The past year has taught us that creating new, hybrid workforces is going to involve more than just giving every employee a laptop with Microsoft Teams installed. Business leaders are gradually coming to terms with what this huge shift means for workplace culture and employee wellbeing – and how this often ties into the tools workers have at their disposal.
A recent report from Ricoh UK’s report explored the impact of the COVID-19 pandemic on digital transformation, and specifically what it meant for businesses’ reimagining of physical and virtual workspaces.
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The report, called The Conscious Workplace, surveyed 301 managers and 1001 employees in October 2020.
It found that the biggest impact of recent events had been on workplace behaviors and employee wellbeing. Regardless of working from home or in an office, 40% of managers and 30% of employees cited happiness, motivation and productivity as their biggest challenges.
Managers face a particularly tough task in trying to manage both productivity and team morale: according to Ricoh, 50% of managers are struggling with employee wellbeing and mental health, likely caused by a combination of remote-working challenges as well as external anxieties cause by COVID-19.
Emma Kenny, a behavioral therapist who contributed to the report, said that managers were “walking a tightrope whilst managing expectation versus reality” and suggested more empathy from businesses.
“Suddenly, managers are responsible for way more than staff productivity, they have to take charge in adapting and maintaining their work environments, whilst remotely managing staff who are no longer within direct reach,” Kenny said.
“Mental health has always been a concern for employers and managers, and these concerns have undoubtedly escalated recently. Now, managers are working with traumatized employees, resistant employees, and those employees who use working from home as an excuse for less productivity.”
Knowing how to motivate and manage staff members is going to require an evolution of processes over the coming years, said Kenny.
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Ricoh found that breakdowns in communication were also a source of anxiety within remote workforces, with 26% of employees and 36% of managers saying they were finding it difficult to communicate with their colleagues while working from home.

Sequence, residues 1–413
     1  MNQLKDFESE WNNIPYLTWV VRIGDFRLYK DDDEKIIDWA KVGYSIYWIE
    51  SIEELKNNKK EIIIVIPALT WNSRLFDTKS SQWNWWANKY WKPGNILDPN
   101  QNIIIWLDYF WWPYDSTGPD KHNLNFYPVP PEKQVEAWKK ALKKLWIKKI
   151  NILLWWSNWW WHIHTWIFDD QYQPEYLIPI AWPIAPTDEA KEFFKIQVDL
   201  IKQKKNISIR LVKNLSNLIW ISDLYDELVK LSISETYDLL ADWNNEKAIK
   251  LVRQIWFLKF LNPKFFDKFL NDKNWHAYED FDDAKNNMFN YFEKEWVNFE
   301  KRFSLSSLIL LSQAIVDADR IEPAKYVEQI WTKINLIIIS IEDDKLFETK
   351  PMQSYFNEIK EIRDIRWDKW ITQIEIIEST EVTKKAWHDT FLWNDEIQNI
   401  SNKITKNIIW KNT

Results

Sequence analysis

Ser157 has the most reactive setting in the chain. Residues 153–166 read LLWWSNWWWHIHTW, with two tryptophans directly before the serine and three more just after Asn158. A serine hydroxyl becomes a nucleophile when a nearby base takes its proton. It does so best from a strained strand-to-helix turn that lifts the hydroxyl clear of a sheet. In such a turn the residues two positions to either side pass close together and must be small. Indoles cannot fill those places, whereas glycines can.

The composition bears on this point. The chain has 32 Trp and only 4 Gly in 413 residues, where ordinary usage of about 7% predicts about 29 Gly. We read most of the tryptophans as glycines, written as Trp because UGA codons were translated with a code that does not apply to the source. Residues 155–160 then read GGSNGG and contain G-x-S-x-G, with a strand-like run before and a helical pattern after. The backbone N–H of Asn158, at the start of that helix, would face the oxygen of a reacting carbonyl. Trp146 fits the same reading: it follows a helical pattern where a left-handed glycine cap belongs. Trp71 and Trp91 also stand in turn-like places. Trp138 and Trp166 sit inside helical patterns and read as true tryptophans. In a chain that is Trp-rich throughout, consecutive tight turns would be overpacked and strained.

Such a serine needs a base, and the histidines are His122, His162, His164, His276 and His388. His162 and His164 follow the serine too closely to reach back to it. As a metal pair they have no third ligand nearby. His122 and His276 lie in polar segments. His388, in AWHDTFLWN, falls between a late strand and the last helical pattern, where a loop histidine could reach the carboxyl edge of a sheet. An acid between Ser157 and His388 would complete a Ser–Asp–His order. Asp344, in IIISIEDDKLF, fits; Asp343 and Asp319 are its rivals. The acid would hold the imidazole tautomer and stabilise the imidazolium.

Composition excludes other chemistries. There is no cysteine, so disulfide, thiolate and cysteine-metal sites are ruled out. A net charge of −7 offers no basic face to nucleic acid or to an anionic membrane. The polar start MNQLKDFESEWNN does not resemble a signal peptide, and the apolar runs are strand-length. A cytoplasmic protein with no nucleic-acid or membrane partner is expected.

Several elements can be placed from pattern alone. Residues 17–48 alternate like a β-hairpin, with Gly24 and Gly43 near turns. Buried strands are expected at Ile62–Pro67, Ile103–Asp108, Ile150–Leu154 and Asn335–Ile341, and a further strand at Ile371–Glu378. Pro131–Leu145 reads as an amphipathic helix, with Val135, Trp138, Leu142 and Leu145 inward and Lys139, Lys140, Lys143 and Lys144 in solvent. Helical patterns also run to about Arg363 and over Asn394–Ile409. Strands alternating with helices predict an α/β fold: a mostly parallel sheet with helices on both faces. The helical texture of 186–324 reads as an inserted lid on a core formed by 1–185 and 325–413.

The loss of face-to-face interaction makes both sending and interpreting communication more difficult, which can diminish confidence in employees and have a negative impact on productivity, as well as enhance feelings of isolation, said Ricoh.
A breakdown of structure in our working days is having a similar effect, the report said. “In the workplace, we are all used to having anchors: clear and distinct rules of engagement that help guide us through the working week. Anchors like start and finish times, lunch hours, health and safety guidelines, and other processes that help us move through the workday purely focused on what we need to achieve.”
Tech landscape still tricky
Technology has long been a source of frustration for employees, with Ricoh suggesting that managers have found it more difficult to adapt.
Almost a third (28%) of managers surveyed by Ricoh said they were finding it difficult to implement new business processes with teams both remote and in the office, including new technology implementations.
Managers were more likely to struggle with the technology demands of a work-from-home set-up, with 41% reporting concerns compared with just 26% who went back to the office. Employees are slightly less daunted, with 46% reporting no issues at all from home.
Looking specifically at remote workers, 78% of managers said they had experienced technical concerns while working from home, compared to (53%) of remote employees.
Managers are also more concerned about network security in remote-working environments, with 20% of managers worried about cybersecurity compared to just 10% of employees.
“We see that this pressure and responsibility sits primarily with management level, which is a finding that is reflected time and time again in our research,” said Ricoh.
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“As the workforce moves to a more blended approach of both remote and office-based working, there are concerns about the migration of technology from one location to the next.”
For many business leaders, digital transformation will mean something different to them now than it did in 2019. With the pandemic shifting the focus to the importance of having a workforce that can operate anywhere, enabling remote working on a mass scale has become priority number one for forward-looking enterprises.
A study of 3,000 CEOs by IBM found that empowering a remote workforce was a top priority among business leaders during 2020.
Half of “outperforming” CEOs identified managing a workforce that could operate from anywhere as a top leadership challenge for the next few years, compared to 25% of “underperformers.” In addition, 77% of outperforming CEOs reported they would prioritize employee wellbeing even if it affected near-term profitability, compared to 39% of underperformers, which IBM said demonstrated the fact that top leaders were “heavily focused on their people in this moment”.
Mark Foster, senior vice president at IBM Services, said: “The pandemic has challenged leaders to focus on what’s essential, like their people. Many employees’ expectations of their employers have significantly changed.
“The ‘anywhere’ workforce requires leaders to provide agile technology, adopt more empathetic leadership models that prioritize employee wellbeing, and to champion flexible and inclusive cultures.”